The Data warehouse Bus Structure: The Bottom-Up Approach
Ralph Kimball designed the data warehouse with the data marts connected to it with a bus structure.
The bus structure contained all the common elements that are used by data marts such as conformed dimensions, measures etc defined for the enterprise as a whole. He felt that by using these conformed elements, users can query all data marts together. This architecture makes the data warehouse more of a virtual reality than a physical reality. All data marts could be located in one server or could be located on different servers across the enterprise while the data warehouse would be a virtual entity being nothing more than a sum total of all the data marts.
In this context even the cubes constructed by using OLAP tools could be considered as data marts. In both cases the shared dimensions can be used for the conformed dimensions.
This model strikes a good balance between centralized and localized flexibility. Data marts can be delivered more quickly and shared data structures along the bus eliminate the repeated effort expended when building multiple data marts in a non-architected structure. The conformed dimensions along the bus fit very well with the shared dimension and virtual cube capabilities of Microsoft’s OLAP services.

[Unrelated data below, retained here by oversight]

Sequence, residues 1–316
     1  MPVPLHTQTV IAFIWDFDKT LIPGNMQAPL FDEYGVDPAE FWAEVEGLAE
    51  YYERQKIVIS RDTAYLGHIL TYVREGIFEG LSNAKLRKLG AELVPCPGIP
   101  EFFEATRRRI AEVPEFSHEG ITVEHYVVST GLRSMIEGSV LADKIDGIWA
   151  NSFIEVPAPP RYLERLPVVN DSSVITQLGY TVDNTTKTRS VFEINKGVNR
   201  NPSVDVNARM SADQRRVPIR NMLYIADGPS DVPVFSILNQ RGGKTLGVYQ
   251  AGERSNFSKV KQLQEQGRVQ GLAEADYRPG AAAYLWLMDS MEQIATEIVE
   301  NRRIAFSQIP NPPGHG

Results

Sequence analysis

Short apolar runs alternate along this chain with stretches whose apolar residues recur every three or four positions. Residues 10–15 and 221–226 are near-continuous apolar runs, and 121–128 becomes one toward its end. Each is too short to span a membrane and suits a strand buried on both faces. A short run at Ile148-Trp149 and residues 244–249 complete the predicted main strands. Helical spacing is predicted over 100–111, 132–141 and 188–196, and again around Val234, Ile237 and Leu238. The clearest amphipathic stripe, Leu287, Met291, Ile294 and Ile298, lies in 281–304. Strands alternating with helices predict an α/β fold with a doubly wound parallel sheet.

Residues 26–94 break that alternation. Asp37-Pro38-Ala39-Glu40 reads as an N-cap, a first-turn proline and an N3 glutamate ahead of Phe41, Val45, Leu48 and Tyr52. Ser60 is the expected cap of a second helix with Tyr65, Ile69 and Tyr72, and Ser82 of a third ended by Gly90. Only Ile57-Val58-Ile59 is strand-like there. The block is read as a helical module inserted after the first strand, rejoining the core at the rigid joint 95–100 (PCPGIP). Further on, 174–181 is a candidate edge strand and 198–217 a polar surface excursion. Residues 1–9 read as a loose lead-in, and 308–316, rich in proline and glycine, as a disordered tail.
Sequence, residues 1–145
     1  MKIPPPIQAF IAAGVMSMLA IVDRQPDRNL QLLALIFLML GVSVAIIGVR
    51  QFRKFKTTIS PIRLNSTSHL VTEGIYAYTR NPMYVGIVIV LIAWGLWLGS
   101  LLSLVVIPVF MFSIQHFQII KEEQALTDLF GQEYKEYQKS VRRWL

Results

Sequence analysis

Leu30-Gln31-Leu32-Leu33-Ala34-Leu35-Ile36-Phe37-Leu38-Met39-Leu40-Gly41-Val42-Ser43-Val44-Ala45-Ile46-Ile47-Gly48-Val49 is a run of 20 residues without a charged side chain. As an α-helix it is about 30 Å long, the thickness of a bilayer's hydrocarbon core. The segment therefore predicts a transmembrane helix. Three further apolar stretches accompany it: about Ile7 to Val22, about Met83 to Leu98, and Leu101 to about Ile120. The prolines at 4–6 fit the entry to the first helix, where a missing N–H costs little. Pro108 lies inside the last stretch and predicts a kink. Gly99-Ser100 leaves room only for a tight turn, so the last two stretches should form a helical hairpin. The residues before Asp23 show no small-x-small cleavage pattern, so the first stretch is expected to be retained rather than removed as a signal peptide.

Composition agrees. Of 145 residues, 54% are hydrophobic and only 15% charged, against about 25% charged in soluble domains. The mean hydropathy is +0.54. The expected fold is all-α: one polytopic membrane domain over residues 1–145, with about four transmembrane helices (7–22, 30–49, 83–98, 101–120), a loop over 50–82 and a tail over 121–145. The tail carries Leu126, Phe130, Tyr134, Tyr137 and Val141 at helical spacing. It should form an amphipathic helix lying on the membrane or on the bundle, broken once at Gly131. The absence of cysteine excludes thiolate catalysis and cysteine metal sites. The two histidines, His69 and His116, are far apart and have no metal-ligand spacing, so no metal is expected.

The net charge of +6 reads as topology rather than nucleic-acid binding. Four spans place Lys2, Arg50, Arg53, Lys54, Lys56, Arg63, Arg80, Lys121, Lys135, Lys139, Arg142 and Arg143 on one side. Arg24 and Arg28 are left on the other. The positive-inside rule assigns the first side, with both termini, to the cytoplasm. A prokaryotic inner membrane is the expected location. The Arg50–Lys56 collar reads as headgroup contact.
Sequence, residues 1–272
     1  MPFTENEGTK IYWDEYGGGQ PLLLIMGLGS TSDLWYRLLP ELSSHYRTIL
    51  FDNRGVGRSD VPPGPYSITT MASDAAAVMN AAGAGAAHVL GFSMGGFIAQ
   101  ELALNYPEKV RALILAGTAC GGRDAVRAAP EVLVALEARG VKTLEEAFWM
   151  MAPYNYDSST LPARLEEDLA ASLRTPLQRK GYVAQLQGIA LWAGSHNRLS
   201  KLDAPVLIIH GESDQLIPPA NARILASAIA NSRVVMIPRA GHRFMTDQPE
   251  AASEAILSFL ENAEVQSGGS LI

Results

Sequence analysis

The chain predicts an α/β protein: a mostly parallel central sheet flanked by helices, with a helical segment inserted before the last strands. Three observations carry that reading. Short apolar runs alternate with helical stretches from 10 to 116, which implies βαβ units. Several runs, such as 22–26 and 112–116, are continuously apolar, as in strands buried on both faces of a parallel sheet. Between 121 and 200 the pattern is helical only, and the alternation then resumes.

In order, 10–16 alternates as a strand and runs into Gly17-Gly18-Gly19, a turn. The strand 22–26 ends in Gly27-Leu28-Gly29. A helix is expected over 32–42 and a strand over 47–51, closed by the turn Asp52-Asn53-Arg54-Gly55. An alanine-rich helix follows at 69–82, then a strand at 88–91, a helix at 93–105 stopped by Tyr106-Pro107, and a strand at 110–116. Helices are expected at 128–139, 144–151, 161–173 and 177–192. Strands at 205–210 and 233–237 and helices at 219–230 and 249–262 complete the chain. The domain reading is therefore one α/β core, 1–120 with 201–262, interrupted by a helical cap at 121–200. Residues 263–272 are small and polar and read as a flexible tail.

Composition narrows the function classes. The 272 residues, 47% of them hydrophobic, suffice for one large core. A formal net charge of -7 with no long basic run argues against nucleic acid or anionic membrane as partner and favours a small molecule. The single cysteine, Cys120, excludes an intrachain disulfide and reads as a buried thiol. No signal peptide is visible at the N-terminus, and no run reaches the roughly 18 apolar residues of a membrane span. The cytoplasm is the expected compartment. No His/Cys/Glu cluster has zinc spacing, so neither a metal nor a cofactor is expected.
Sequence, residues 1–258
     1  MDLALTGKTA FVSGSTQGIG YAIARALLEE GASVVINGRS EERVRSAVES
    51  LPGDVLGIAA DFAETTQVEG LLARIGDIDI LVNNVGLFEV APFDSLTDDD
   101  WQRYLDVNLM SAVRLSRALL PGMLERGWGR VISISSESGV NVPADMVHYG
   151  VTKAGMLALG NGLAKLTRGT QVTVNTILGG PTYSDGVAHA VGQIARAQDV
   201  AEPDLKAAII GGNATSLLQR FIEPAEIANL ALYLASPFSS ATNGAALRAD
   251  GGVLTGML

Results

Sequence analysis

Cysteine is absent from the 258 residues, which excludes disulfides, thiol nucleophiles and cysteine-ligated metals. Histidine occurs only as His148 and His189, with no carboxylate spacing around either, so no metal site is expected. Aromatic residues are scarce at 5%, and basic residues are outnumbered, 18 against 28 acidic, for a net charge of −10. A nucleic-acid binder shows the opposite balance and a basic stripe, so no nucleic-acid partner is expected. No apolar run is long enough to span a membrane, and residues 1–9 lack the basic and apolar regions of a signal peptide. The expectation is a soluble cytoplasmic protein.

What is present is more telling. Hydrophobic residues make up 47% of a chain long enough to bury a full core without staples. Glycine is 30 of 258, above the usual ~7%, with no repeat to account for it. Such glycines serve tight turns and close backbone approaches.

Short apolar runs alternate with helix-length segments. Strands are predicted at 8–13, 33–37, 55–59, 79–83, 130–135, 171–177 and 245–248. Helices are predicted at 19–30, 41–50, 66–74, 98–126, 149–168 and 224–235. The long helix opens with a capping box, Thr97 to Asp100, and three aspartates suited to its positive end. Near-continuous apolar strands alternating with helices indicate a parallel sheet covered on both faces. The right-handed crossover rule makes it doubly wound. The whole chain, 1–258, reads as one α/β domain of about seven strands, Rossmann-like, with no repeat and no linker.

The bottom-up approach reverses the positions of the Data warehouse and the Data marts. Data marts are directly loaded with the data from the operational systems through the staging area. The ODS may or may not exist depending on the business requirements. However, this approach increases the complexity of process coordination. The standard procedure where data marts are refreshed from the ODS and not from the operational databases ensures data consolidation and hence it is generally recommended approach.
The data flow in the bottom up approach starts with extraction of data from operational databases into the staging area where it is processed and consolidated and then loaded into the ODS. The data in the ODS is appended to or replaced by the fresh data being loaded. After the ODS is refreshed the current data is once again extracted into the staging area and processed to fit into the Data mart structure. The data from the Data Mart, then is extracted to the staging area aggregated, summarized and so on and loaded into the Data Warehouse and made available to the end user for analysis.